By Meg Lentz
On race day, hundreds of athletes will line up with all of their memories and experiences tucked away neatly beneath their swim caps. What do they bring to the starting line? What are they going to leave on the course? What will they take with them across the finish line?
I know what I wish to bring to the starting line.
I wish I could bring the heart of a champion. If that were the case, then this sprint tri would surely be a walk in the park. As it is, I bring my own heart, and who better to bring it than me? It’s filled to the top with encouragement from my husband, kids, family and friends.
I wish I were bringing a lifetime of athletic experiences to call upon when the race gets rough. My main sport through high school and college was musical theater… while there are many similarities in the preparation… somehow I don’t think that breaking into song halfway through the run is going to help anyone. I am bringing a year of dedicated training. I couldn’t say that last year.
I wish I were bringing the confidence of a veteran. Although my confidence has increased dramatically over the course of this year, I’m going to stock up on endorphins the day before the race. I’ve heard that they do amazing things on race day. I plan to put my goggles on that morning and let the endorphins do the rest.
I wish I were bringing the tall, slender figure of a cardio-goddess. Despite my efforts, I have not managed to lose five inches in width while gaining five inches in height. Unless Claudia Schiffer decides to drive with me in my GEO, I will not be bringing the aforementioned goddess.
I wish I wasn’t so nervous about the bike ride. I’m really not all that comfortable riding a bike with wheels so skinny they could turn on a strand of hair. I’m also not comfortable with the fact that the first time I rode it, the chain snapped and left me high and dry on the side of the road. Alas, I will bring the scary bike… with a new chain, of course.
I wish I wasn’t so deathly afraid of the run. After years of hating running with a passion, I finally learned to like it. About two months ago, I started running the full three miles for the first time… ever. Last week, two weeks before my race, my ankle gave out on me and I noticed the subtle formation of a bunion. (Bunion. Funny word… pain in the foot.) Right now, I can walk, but I can’t run. So, I bring with me a bum ankle and a wannabe bunion. What choice do I have?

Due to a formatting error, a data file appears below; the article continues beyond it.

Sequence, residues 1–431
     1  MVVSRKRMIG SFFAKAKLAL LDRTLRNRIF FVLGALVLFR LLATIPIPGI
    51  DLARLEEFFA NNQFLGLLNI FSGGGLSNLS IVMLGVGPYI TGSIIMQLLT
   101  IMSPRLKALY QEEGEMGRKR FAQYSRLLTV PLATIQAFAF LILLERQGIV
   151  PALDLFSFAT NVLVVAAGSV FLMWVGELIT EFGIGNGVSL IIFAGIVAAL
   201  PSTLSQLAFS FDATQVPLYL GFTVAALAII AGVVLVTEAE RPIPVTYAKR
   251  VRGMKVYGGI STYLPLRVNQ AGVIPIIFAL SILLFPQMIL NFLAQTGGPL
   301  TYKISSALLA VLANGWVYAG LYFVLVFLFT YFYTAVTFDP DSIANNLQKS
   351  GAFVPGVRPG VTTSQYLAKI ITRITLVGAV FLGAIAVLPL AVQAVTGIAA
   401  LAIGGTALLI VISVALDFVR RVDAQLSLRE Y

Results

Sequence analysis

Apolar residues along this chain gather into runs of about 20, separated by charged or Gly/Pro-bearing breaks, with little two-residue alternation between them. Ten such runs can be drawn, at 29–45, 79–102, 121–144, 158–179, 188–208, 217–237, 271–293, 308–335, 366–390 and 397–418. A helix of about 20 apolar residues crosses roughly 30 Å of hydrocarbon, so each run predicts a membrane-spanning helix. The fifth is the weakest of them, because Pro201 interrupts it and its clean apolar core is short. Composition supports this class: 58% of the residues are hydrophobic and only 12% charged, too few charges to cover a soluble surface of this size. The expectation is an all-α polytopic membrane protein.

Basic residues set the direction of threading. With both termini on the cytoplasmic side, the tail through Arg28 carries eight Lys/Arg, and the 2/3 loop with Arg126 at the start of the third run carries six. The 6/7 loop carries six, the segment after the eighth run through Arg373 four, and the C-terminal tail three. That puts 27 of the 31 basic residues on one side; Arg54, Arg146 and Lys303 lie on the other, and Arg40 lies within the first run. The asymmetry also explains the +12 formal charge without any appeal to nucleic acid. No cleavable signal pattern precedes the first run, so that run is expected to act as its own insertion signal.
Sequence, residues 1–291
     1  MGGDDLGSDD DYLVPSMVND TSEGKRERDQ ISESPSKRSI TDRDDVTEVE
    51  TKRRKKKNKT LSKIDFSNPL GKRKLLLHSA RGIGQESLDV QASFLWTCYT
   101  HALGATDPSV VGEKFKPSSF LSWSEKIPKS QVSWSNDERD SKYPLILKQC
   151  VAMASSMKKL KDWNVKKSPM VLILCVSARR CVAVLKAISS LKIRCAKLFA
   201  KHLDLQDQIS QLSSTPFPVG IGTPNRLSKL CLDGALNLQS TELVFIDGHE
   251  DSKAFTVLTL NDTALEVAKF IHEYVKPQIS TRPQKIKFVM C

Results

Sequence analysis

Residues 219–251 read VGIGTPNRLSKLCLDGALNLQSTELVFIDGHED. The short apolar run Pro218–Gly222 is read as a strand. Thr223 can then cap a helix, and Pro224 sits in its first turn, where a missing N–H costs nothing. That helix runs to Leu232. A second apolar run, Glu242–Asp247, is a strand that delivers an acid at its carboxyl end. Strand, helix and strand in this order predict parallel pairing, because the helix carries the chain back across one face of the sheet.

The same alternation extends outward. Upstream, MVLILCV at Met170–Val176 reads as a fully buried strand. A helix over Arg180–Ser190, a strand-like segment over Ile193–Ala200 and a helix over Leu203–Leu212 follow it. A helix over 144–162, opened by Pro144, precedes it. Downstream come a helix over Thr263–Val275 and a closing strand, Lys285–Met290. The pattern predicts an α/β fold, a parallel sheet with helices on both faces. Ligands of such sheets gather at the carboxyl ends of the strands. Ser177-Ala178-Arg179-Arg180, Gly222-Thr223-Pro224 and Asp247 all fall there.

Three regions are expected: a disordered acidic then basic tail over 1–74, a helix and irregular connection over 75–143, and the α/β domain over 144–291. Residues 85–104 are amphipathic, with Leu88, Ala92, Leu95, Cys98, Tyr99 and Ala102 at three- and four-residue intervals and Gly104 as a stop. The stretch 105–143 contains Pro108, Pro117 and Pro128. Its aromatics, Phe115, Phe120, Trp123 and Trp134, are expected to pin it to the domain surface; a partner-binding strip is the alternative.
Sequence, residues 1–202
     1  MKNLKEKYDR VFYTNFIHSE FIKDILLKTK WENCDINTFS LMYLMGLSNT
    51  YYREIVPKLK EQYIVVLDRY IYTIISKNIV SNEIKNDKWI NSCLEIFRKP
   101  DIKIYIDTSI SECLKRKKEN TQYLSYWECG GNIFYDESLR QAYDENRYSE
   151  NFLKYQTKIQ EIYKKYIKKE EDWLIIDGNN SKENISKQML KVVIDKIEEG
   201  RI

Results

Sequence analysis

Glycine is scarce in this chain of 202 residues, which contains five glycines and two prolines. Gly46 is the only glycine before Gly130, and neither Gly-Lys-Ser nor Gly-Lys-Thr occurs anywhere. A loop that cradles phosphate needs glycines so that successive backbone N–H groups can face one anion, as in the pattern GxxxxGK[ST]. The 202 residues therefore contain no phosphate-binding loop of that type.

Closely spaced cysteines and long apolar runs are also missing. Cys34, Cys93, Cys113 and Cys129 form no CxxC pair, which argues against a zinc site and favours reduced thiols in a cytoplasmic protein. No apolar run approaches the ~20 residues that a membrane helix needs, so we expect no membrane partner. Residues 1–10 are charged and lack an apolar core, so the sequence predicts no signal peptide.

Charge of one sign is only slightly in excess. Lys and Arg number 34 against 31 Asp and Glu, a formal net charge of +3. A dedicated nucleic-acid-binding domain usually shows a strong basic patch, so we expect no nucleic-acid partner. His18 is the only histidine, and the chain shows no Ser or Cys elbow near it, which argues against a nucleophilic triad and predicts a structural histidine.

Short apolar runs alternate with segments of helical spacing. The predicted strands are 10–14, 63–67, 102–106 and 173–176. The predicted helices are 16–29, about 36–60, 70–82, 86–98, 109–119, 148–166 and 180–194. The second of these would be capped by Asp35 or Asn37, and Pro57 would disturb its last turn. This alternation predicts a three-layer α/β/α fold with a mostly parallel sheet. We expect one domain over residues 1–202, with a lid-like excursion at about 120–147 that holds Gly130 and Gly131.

I really wish I’ll be able to run the whole thing… and for good reason.
I was never much of a runner as a kid. I was on the track and field team from fifth through eighth grade, but not because I liked running… it was just the thing to do and my dad was the coach. What I liked most about track was, actually, the field. What I liked most about the field was waiting my turn. I threw discus and shot put. I would sit with whoever was lucky enough to be “on field” and make screechy whistles out of blades of grass.
So… you can see where my competitive drive comes from.
Once a season, everyone on the team took a turn running the mile. (It was always “the” mile, never “a” mile.) At practice before the meet, we’d all huddle around my dad to wait for our sentence. The mile was always last to be announced and without fail, when we heard the news of who had to run it, the entire team made a collective gasp to console the mile runner of the week. A series of condolences would follow. “Oh… my… gawd! I can’t believe Gretchen has to run the mile. Oh… Gretchen… what are you going to do?” All the while, everyone else was quite relieved that they had dodged the bullet one more time.
Despite my efforts to convince my dad that no one would notice if the coach’s daughter bypassed the mile, my name still managed to find its way onto the list. Not good… it was actually worse than swimming the 100 IM… if that’s possible. (When I swam butterfly I looked like a drowning moth.)
The days leading up to the meet were torture. I think I’m sick. I’m not kidding… something’s really wrong with me. I’m sure it’s the flu. Anything for a get out of jail free pass…but my effort was in vain. I still had to run it.
To make a long story short, I got my childhood nickname from a napkin holder that I used regularly during family meals. And so it was that I, “Chicken,” stepped up to the starting line that fateful day.
By the first turn, I was dead last… my shorts were creeping up in the front and sliding down in the back. I was sure that my good lung had collapsed. It was absolutely painful.
My dad, being the supportive coach, and father that he is, sensed that I wasn’t having the best race. As I rounded the 220 mark on my last lap, I saw my dad waving his clipboard and bounding across the field
“Go, Chicken!” He hollered. “You can do it!” Oh… my… god! I was mortified. My friends were all there. “Keep going Chick! You’re doing great!”
I just kept wishing he would call me Meg. If I hadn’t been so out of breath, I would have told him to stop with the nickname, but I couldn’t spit out a single word.
“You’re almost there! Goooooooooo Chicken!” Not okay.
To my surprise, I made it through that day and am currently one week away from my race. Yes, I will be bringing that crazy memory to the starting line. I hope to drop my insecurities (and maybe twenty pounds) somewhere between transition one and mile two. And I will carry my head, and my swimcap, a little higher as I cross the finish line. (Oh crap… What if I accidentally leave my swimcap on for the whole race?)
I have to admit that I’m still feeling a little chicken.